And during the campaign last summer Schumer began pushing his clean cars bill to the Biden’s campaign’s policy adviser. Once Biden won the White House in November, Schumer continued his lobbying to make sure that the president’s Build Back Better proposal included major provisions to phase out gas-powered automobiles, according to a source familiar with the interactions.
Andrew Bates, a White House spokesperson, called Schumer “an extraordinary partner” for Biden.
Schumer is “working tirelessly and capably with the full breadth of the diverse Democratic Caucus on historic legislation to defeat the pandemic and turn our economy around,” Bates said. Biden “appreciates their shared values and sees their relationship as central to restoring trust in government.”
At the moment, Schumer’s China and electric cars legislation seem popular enough to survive the next few weeks of haggling — among Democrats at least.
“There’s never a guarantee; I’m going to work hard to see. And I was gratified that the Biden administration included both of them. And I think they have broad support,” Schumer said. On the China package, he added, GOP Sen. “Todd Young is my sponsor, and he’s working hard on the Republican side, and we talk all the time.”
Young (R-Ind.) has a different view of the situation, warning Schumer not to put their legislation in a reconciliation package. Schumer has congressional committees working on their China legislation and hopes to produce a work product — and a floor vote — this spring. But if that fails, he could try to pass China hawk legislation unilaterally.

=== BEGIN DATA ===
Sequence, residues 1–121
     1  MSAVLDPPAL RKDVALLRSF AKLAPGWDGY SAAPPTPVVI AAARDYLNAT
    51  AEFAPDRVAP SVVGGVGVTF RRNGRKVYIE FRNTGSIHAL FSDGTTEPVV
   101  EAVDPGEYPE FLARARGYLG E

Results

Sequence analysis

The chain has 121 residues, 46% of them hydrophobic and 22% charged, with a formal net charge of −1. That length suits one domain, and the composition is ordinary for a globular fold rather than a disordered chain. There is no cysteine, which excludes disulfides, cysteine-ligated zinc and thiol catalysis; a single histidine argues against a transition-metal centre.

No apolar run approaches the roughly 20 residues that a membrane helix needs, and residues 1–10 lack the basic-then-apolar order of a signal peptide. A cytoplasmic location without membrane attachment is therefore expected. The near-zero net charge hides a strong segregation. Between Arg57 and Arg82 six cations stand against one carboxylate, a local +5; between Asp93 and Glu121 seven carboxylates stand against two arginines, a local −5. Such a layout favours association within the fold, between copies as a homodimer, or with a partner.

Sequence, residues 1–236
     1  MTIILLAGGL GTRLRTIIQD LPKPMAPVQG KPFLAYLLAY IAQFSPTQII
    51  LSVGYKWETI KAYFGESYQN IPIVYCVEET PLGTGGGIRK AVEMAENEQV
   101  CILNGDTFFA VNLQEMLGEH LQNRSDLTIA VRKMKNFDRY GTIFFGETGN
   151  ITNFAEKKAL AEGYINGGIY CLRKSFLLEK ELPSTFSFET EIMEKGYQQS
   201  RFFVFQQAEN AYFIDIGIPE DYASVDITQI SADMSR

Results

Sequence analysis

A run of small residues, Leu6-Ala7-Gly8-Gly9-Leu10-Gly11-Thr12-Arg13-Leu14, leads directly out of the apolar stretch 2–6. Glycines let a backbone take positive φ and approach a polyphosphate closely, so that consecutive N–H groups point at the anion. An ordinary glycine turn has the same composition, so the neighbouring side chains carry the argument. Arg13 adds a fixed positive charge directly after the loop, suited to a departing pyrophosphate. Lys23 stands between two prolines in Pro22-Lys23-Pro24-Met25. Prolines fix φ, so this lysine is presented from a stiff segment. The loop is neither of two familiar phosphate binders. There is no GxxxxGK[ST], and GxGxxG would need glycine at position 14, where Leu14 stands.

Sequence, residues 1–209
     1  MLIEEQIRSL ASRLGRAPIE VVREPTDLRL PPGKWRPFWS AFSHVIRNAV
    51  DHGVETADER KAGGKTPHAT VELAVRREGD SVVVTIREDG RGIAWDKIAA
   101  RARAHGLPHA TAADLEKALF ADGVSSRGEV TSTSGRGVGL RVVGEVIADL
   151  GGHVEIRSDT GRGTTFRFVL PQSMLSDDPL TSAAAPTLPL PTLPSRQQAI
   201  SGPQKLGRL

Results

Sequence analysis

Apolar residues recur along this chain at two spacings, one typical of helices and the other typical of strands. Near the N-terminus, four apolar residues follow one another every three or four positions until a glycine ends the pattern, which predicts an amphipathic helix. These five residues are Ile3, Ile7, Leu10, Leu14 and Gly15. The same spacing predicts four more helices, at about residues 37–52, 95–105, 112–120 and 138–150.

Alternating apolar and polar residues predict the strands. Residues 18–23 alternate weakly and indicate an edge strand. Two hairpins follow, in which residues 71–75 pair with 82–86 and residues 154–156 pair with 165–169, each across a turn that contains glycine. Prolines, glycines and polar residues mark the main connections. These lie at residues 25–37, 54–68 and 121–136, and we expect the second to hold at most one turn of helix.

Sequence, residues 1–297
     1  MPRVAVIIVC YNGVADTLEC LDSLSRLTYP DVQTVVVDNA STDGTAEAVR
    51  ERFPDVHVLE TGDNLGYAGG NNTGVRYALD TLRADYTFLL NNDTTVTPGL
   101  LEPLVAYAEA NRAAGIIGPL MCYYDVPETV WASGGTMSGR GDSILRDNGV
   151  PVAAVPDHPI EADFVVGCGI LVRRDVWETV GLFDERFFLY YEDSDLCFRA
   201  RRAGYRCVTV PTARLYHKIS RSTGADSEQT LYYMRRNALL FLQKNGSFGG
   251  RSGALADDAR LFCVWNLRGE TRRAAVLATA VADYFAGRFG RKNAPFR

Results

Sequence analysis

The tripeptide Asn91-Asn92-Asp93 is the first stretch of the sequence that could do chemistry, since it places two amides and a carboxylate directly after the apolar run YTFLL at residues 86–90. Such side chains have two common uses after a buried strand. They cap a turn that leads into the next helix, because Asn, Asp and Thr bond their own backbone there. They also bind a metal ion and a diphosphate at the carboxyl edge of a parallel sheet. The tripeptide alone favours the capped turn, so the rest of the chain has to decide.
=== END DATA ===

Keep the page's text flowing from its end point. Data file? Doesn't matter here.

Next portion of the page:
“Taking a partisan tax-and-spend proposal and adding a bipartisan bill does not make it any less partisan. While negotiating the Endless Frontier Act, Senator Young has cautioned all along that adding non-China provisions would end any hope of Republican support. Even his own,” a spokesman for the Indianan Young said.
When it comes to electric cars, Sen. Susan Collins (R-Maine) complains that Biden’s package focuses more on them than on “traditional infrastructure” like roads and bridges. To Republicans, she said, that’s a “signal that this is being used as a vehicle for parts of the Green New Deal, and massive policy changes, rather than modernizing and rebuilding our infrastructure.”
For Schumer that’s precisely the point.
“I say yes. We need both. This bill does both. It has one of the largest traditional infrastructure funding [numbers] that we’ve seen in a long time, and it recognizes the new” breed of infrastructure, he said. “The link between both is jobs.”
Republicans are under the impression that Democrats are bracing to lose the House and the Senate and are racing to pass as much as they can before what’s historically a difficult midterm election for the majority party.
But Schumer isn’t prepared to see the current multi-trillion-dollar Biden push as the coda to the most fertile period of legislation. In addition to his multiple shots at passing big legislation over the next 18 months, he’s got major work to do to claw back the judiciary after McConnell transformed the courts into a conservative powerhouse.
“We’re going to keep working all the way up to the day of the midterms,” Schumer said. “We’ve got a lot to do.”